Wait does ESL mean English was not his/her FIRST language or not his/her PRIMARY language. I'm sure there are people who immigrated from other countries at a young age and have no trouble speaking English, but the language would not be their first.
ESL means English as a SECOND Language. Even though young children may learn English easily as a child, their parents may never or not as quickly learn. I know a lot of people at school, Asians especially, who emigrated young and speak English fluently without an accent. Many of their parents, however, do not have a good command of the language. This is why I think these people should be commended even more for mastering English, if they are not hearing it at home/not the primary language at home.
-Low-Income (Less than 30K/yr)
-Crappy school that doesn't have many APs (and avg SAT is less than 900, 40% on free/reduced lunch); looks like that school from "Dangerous Minds", LOL
-IEP(special ed), but still on top (Rank 8th in my class and highest SAT)
-First generation college(in my ENTIRE family)
-Languages Spoken(in order of fluency): English, Spanish, Italian, Latin
I'm not centering my entire app around those, but I will incorporate them.
Last edited by runningncircles1; 09-11-2005 at 04:35 AM.
The problem with this board is that people have been trying to mold themselves into hooks when they really aren't one. Be yourself. If you like painting pictures 40 hours a week, do that. If you like to build robots late at night, do that. If you like helping underprivileged children, do that. Don't do something just to get in to college. So many people I know just hoard awards and merit JUST to put on their college application. Do what you want to do! That is a small hook--to not be phony.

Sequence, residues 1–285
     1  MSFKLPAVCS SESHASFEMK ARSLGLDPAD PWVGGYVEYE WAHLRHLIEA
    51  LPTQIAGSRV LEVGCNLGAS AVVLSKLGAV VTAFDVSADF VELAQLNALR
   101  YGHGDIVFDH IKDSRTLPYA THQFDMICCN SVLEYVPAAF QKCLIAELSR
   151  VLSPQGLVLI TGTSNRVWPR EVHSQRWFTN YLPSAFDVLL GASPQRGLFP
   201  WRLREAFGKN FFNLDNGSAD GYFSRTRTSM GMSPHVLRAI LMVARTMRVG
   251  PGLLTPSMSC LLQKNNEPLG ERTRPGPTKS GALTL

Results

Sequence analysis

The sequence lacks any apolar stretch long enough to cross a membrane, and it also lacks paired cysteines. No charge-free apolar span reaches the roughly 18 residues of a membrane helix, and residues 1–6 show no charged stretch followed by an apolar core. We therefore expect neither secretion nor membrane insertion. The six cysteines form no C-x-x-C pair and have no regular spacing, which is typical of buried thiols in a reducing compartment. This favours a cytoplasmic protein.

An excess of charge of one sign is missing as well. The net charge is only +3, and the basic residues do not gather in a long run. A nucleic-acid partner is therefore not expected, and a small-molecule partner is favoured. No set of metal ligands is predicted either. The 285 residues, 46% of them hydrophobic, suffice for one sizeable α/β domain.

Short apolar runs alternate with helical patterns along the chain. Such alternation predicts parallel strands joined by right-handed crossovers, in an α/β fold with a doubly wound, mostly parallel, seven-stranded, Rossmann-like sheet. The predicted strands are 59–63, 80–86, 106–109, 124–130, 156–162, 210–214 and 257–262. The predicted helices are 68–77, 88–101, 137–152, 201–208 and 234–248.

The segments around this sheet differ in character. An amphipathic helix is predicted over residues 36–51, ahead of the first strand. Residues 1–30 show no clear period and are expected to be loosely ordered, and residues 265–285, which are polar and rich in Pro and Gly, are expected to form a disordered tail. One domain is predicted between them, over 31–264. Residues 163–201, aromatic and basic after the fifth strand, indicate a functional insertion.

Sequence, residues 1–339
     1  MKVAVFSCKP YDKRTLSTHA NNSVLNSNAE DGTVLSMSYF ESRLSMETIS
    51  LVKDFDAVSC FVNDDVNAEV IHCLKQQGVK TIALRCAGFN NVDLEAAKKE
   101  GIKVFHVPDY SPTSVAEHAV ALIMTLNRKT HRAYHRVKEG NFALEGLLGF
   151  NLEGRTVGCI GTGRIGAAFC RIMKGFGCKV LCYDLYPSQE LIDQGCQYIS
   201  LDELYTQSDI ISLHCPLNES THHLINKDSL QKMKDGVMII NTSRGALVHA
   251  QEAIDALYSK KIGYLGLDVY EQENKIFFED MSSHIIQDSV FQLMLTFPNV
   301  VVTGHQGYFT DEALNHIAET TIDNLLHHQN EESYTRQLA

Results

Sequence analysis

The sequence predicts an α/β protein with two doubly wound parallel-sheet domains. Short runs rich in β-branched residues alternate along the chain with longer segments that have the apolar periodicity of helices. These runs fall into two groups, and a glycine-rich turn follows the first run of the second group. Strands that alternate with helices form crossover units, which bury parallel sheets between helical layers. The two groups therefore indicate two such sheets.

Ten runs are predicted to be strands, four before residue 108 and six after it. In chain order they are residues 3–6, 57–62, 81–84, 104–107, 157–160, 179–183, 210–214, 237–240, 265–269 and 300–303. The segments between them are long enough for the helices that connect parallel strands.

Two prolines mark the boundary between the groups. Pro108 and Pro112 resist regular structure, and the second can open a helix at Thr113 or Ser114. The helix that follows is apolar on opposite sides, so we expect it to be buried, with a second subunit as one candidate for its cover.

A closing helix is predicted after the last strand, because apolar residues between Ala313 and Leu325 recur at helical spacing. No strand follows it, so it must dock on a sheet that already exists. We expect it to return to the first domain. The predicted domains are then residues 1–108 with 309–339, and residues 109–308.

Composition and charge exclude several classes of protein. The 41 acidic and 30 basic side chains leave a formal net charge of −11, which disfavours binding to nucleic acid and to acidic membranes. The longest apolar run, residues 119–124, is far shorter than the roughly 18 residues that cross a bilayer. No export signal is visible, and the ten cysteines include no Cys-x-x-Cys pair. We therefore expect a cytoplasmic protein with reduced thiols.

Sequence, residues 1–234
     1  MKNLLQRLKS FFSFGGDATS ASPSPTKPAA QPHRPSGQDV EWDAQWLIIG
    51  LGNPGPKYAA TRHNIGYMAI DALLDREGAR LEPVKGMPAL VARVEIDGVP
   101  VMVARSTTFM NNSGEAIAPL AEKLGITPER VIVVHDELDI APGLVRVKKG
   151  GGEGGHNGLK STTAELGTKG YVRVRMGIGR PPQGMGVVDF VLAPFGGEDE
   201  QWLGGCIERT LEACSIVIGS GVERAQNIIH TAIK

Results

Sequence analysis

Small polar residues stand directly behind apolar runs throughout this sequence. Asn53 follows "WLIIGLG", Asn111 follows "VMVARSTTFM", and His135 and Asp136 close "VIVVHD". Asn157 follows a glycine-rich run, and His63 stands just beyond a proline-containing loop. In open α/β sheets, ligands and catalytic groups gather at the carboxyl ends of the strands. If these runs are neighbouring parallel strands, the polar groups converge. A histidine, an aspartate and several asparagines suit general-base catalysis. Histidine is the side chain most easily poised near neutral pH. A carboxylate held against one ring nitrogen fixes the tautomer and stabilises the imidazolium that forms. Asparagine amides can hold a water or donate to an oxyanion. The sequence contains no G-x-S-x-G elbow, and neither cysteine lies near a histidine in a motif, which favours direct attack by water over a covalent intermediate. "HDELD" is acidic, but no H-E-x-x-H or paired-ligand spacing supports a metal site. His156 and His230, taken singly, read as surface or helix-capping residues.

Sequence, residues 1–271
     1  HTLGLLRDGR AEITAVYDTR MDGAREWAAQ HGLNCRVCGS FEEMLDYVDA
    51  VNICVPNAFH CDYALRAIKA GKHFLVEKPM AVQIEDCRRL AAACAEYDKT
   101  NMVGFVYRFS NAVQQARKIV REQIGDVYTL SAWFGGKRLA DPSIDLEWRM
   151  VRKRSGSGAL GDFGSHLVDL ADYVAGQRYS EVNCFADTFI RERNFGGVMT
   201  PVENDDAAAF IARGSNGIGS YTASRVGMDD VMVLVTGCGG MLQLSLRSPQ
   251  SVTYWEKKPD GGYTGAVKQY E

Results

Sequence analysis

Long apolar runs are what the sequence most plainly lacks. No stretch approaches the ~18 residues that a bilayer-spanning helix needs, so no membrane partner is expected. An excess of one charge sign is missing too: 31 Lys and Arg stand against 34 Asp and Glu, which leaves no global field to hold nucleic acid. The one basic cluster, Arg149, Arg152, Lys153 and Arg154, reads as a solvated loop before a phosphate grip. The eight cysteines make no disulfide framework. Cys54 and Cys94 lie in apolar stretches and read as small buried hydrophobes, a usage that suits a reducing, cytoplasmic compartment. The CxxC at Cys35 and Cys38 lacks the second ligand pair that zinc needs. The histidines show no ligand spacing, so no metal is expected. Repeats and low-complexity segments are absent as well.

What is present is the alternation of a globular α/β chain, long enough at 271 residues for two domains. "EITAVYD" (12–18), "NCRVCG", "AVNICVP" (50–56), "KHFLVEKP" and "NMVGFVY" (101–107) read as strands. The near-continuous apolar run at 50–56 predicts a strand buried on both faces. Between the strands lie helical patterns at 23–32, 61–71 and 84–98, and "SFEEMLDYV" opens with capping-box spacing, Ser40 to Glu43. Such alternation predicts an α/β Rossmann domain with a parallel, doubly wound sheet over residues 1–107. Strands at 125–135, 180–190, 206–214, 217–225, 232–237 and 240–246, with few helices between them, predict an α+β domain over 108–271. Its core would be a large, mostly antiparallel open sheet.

Ever since people have heard about "hooks" at big colleges, they have been scouring for lives, looking for a small commitment that they can blow out of proportion into a hook. I'm not talking about minorities and low-income; I'm talking about the rest who stack up awards and try to make them into a hook. Now, some of you really do stack up awards, and do enjoy what you are doing. That's great. But these people are probably too concerned with what they are doing to say "is this a hook?"
Getting turned town by a top school is not the end of the world: YOU are what determines who you will be, not a college. Some of the brightest people, even some of the Ivy professors, did not go to an Ivy-league college for undergrad. The point is, be optimistic; be yourself on your application and don't worry about hooks. If you don't get in to Harvard undergrad, try again for grad school.
born in pakistan, moved to the U.S. when I was 13.
had to learn everything about how high schools work myself. My parents still have no clue what IB Diploma, GPA, SAT, ACT, ECs etc are. My parents are highly educated (dad was a lawyer in Pakistan, mom did Bachelors in Poli Sci), but they don't speak English in public for some reason.
So I started a program telling immigrant parents about stuff that they should know, coz I didn't want other students to have to learn it themselves.
I raised $30,000 for tsunami victims, and was covered by Voice of America.
As far as hooks are concerned, Im betting a LOT on my unique circumstances. My mother supports my brother and myself as a waitress on $19,500 (poverty level) and my father is a three time ex-convict. My grades are just so-so, top 3% of class, I have taken more AP's than anyone in my class, and I have raised money to go on mission trips to third-world countries as well as extensive comunity service at home, BUT my SAT's are a mere 2000 (I am retaking them, but I don't know how much they will go up). Will my hook really help me overcome my poor test scores?